In the notes on parameter tuning

https://xgboost.readthedocs.io/en/latest/tutorials/param_tuning.html

it says:

“If you care about predicting the right probability In such a case, you cannot re-balance the dataset”"

Why is that?

Many thanks,

In the notes on parameter tuning

https://xgboost.readthedocs.io/en/latest/tutorials/param_tuning.html

it says:

“If you care about predicting the right probability In such a case, you cannot re-balance the dataset”"

Why is that?

Many thanks,

See discussion in How does scale_pos_weight affect probabilities?. If your goal is to predict well-calibrated probabilities, you should not use scale_pos_weight or assign data weights.

Hi,

Thank you. Yes, I had read that. I think that the root of the matter is that the prediction is the proportion of the positive class in that particular part of the trees, and when you balance the data, you change those proportions. So would it be possible to estimate the model on the balanced data, and then run it on the original unbalanced data to get the predictions?

Thank you again.

You can try it and see if you are able to get well-calibrated probabilities. To my knowledge, any re-balancing is incompatible with well-calibrated probabilities.

I would like to try it.

Now I don’t know xgboost that well, so I am not entirely sure how to achieve this. Fortunately, I did not use scale_weight_x to balance the dataset, but instead I added a weight parameter when I created the x-matrix. So would it be right that all I need to do is run predict on the original x-matrix, with no weights parameter? Many thanks for your help, I am quite at sea here.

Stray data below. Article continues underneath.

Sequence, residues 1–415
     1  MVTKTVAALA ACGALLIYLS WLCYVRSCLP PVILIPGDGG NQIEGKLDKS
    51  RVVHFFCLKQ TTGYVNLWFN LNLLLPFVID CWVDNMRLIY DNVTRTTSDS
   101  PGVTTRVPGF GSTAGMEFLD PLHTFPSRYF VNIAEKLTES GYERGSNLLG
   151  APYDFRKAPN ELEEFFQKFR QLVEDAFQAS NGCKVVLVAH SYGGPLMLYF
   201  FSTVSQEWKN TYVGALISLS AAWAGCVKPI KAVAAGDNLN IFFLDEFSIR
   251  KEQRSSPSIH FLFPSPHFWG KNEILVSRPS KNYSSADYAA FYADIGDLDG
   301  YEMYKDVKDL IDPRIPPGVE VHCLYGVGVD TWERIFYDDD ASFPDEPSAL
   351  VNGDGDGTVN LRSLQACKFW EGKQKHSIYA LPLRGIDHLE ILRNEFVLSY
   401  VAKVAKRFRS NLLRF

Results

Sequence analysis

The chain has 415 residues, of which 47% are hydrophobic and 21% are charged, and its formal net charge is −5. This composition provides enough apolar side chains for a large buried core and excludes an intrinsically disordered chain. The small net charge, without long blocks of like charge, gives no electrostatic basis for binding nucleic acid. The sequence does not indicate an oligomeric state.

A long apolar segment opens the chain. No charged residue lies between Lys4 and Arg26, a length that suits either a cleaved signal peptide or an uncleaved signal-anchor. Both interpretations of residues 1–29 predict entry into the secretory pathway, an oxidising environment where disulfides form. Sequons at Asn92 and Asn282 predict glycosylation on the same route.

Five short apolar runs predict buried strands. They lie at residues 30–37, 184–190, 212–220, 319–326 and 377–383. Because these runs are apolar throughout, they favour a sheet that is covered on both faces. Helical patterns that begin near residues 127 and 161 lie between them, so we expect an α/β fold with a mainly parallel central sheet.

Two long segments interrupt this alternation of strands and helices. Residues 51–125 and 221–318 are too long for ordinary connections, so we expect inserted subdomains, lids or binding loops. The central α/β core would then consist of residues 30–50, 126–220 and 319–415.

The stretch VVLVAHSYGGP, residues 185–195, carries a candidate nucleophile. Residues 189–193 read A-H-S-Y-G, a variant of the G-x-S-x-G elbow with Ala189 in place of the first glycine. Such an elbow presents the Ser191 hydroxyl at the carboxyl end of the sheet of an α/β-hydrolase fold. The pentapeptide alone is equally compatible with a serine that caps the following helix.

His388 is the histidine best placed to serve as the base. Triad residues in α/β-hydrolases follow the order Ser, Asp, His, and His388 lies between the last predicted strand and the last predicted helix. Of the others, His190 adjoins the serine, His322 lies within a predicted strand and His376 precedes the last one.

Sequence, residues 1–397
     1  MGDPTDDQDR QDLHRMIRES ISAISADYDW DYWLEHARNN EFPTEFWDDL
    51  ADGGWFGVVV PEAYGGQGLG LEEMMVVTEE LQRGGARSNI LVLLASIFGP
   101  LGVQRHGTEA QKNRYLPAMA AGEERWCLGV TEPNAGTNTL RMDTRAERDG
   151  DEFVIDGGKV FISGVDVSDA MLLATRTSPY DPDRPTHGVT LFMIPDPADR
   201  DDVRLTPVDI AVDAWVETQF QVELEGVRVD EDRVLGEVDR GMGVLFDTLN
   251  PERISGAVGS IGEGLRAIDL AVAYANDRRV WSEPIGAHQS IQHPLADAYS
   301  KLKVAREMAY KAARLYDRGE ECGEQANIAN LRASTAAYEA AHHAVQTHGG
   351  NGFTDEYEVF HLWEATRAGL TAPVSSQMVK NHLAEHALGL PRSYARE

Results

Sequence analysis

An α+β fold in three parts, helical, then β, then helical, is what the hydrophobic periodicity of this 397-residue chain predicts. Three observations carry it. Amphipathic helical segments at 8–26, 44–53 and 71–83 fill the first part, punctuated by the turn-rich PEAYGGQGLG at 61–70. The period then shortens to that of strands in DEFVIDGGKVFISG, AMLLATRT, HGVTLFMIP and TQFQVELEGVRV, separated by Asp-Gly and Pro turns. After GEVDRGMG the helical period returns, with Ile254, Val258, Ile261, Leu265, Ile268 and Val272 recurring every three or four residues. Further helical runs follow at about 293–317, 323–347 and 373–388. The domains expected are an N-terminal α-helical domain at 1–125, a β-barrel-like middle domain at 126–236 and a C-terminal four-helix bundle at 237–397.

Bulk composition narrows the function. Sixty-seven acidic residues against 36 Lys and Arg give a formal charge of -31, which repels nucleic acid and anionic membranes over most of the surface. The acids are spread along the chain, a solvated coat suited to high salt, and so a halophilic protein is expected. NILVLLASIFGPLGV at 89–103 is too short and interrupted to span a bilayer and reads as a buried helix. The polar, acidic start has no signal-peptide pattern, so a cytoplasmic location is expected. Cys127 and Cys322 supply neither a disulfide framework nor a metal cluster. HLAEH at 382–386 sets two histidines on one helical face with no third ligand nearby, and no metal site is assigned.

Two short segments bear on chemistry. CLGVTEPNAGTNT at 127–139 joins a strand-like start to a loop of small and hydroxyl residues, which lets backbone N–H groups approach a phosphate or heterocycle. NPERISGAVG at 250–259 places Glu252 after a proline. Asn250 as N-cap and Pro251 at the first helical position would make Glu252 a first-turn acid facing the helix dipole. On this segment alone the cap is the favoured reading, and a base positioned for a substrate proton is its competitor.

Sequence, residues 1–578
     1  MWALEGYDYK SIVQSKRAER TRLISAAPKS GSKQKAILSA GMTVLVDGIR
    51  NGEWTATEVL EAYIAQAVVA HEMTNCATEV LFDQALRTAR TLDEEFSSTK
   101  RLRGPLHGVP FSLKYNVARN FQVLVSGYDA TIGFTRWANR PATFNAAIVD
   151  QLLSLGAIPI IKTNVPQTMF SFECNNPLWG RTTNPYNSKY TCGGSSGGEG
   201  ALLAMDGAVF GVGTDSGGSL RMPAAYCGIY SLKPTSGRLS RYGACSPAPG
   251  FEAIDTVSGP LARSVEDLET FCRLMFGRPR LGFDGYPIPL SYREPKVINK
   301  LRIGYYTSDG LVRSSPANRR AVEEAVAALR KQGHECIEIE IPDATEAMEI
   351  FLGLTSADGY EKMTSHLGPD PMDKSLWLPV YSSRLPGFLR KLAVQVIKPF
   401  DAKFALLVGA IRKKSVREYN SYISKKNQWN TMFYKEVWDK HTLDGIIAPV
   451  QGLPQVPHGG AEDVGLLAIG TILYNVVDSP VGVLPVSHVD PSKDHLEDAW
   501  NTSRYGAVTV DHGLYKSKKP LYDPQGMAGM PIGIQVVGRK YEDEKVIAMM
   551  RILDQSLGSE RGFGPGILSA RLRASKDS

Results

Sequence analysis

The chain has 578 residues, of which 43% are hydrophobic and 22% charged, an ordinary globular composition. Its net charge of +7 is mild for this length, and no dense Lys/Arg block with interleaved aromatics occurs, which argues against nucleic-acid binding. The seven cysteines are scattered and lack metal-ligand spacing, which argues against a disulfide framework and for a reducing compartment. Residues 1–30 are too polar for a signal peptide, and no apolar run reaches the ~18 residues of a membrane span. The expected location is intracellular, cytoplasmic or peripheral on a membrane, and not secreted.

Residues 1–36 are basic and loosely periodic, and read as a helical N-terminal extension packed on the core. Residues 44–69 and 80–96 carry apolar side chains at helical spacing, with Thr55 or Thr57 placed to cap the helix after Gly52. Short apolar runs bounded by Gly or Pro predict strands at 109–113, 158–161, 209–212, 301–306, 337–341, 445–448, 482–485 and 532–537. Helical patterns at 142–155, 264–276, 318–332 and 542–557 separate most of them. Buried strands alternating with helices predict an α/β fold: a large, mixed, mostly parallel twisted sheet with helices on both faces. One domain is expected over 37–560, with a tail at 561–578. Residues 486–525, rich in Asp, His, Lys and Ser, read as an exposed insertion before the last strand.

Cheers,

Michel

Yes, the prediction value itself should not be affected by the data weights, since the weights only control how the evaluation metric gets computed.

If that is the case, then I don’t see why setting the weights should mess up the predicted probabilities. I can understand why that would happen if setting a weight of, say, 10, would be equivalent to cloning that data point 9 times. But if the weights are used only in the loss function, then why are the probabilites not calibrated?

Actually that’s what happens at training time.

It seems to me, from some toy examples, that setting the weights in the matrix does not clone the observations, but instead it presumably adds a weight in the loss function, while scale_pos_weight clones the observations for the minority class. Could that be right?

No, scale_pos_weight does not clone observations. It behaves as if you assigned an identical data weight to the positive class. The effect is the same as cloning observations, however, in that you would have poorly calibrated probability predictions.